Exchange programme in France - ESCP Business School
Feedback from Ekaterina Gavenko, MSc "International Management"
Enrolling into an exchange program is always exciting, and things don’t change even if it’s not your first time.
I’ve spent my second semester of getting my Master in International Management degree studying in ESCP business school in Paris, France. While applying for the exchange, I didn’t have a strong preference of universities, and I put this one as my first priority on a whim. As my experience have shown, best things in life come randomly.
Me coming here had made a big impact not only on my academic development, but on other things as well. Despite initial struggles with Covid restrictions still in place when I came here and the language barrier (bonjour and baguette being my only French vocabulary), I feel like I’ve managed to get the most out of this experience.
France is… a strange country. A lot of people would say “expect the unexpected” to someone who’s about to go live in a different place with a different culture, but my piece of advice would be “don’t expect anything at all”. There are plenty of stereotypes, but the real thing is so specific to your perception and circumstances that you can throw them all out the window and go with the flow.
For example, I’d like to share a big secret – the French don’t make frogs a big part of their diet. Nor do they act particularly mean to you. I’ve only met two not-so-kind French speaking people over the course of almost six months, and one of them was in Belgium.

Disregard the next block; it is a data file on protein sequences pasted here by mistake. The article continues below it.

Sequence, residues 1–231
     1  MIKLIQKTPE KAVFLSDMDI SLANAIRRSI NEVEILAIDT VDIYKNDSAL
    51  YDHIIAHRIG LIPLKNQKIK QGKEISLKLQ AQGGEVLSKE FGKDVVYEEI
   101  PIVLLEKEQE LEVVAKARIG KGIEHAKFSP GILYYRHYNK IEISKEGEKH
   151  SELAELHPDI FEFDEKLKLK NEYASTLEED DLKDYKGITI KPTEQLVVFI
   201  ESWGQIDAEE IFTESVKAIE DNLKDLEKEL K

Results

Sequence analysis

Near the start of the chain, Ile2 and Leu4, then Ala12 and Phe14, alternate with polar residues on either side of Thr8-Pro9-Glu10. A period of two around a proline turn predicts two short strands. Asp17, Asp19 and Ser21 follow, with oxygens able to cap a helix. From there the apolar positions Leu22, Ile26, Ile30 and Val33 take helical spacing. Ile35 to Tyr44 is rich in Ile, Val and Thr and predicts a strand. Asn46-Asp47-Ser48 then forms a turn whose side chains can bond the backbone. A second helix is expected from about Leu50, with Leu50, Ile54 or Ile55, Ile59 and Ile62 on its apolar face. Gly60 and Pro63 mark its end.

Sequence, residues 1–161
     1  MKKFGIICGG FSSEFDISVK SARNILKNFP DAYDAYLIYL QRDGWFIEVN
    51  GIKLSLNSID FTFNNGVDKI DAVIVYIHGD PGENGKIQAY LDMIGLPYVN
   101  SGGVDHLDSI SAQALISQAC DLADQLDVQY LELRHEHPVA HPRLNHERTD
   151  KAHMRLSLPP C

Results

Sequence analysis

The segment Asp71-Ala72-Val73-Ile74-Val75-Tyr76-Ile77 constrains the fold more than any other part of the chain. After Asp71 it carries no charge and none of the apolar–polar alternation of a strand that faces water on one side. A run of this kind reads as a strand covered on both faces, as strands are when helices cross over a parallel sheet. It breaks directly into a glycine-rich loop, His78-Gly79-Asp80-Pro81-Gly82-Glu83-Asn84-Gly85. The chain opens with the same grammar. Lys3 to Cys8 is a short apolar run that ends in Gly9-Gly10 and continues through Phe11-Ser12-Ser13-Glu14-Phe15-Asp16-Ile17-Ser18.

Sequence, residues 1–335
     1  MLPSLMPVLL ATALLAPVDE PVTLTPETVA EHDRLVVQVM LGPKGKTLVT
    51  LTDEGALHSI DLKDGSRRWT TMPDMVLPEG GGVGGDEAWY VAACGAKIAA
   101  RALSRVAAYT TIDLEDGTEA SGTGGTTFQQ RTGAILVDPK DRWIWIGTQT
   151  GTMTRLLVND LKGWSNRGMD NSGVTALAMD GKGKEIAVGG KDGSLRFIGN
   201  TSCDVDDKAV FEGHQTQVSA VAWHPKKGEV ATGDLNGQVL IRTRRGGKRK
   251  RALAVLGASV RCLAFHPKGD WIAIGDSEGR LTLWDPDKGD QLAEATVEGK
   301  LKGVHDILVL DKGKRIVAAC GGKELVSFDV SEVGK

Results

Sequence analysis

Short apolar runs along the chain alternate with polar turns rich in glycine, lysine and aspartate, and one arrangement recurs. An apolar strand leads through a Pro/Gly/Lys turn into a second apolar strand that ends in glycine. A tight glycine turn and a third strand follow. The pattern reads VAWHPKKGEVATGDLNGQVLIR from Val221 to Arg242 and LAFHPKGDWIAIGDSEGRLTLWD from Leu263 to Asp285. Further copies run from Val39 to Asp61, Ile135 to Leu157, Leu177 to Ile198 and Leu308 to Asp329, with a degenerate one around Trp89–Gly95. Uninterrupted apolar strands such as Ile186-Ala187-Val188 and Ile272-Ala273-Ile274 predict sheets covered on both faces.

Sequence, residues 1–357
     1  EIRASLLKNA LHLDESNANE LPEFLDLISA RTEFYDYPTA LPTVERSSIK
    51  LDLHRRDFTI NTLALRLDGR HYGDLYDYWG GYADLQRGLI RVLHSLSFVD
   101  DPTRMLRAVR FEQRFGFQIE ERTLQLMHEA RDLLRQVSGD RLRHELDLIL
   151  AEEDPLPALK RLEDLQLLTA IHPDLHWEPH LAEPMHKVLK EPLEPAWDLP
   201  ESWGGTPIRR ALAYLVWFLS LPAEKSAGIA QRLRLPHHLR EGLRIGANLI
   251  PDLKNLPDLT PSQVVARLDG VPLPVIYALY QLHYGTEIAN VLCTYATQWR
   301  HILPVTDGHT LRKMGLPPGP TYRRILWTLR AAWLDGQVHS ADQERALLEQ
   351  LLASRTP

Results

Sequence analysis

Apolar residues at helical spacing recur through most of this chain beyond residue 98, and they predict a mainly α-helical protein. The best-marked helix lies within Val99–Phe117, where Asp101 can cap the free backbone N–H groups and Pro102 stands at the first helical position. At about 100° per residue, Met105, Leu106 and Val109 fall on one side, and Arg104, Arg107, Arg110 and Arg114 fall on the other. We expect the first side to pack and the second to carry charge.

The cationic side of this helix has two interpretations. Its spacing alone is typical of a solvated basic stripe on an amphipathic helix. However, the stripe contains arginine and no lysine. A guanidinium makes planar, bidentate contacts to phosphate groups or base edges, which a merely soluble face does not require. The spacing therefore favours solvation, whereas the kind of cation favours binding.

The biggest struggle for me in terms of culture clash was the attitude toward deadlines and education. Everyone is so laid back that it results in a massive anxiety for your average over-achieving-craving-academic-validation person from Russia. So, try to have fun. You’ll be fine in terms of grades, and you will never be able to make your European teammates do the project in advance. Accept the few days of cramming before the deadlines, and do your thing with the rest of your time. Visit the museums (free if you’re under 26), do some country/city hopping (FlixBus is a great thing), go inside the hidden gardens, ride a bike along the riverbanks, eat some croissants and make sure that you meet some new people.
There is a striking difference between European bachelor and master students, even though I can’t place a finger on what it actually is. Make sure to listen to your classmates and lecturers, and especially make sure to listen to them when they’re not talking about the subject. They have stories to tell and experiences to share which will inspire you.
France is a strange country where people don’t use technology to make things easier (be prepared to send a few documents via actual mail) and focus on enjoying their life instead of getting burnt out at work or at school. It’s a place where you will find Yves Saint Laurent jackets next to the French Crown Jewels in a museum. The French freeze their bread here. It is strange but it is thrilling and new and scary at times. So, my best piece of advice that I have to offer for anyone thinking about going to study here is – go for it. Try your best. And make sure to not only study, but also learn.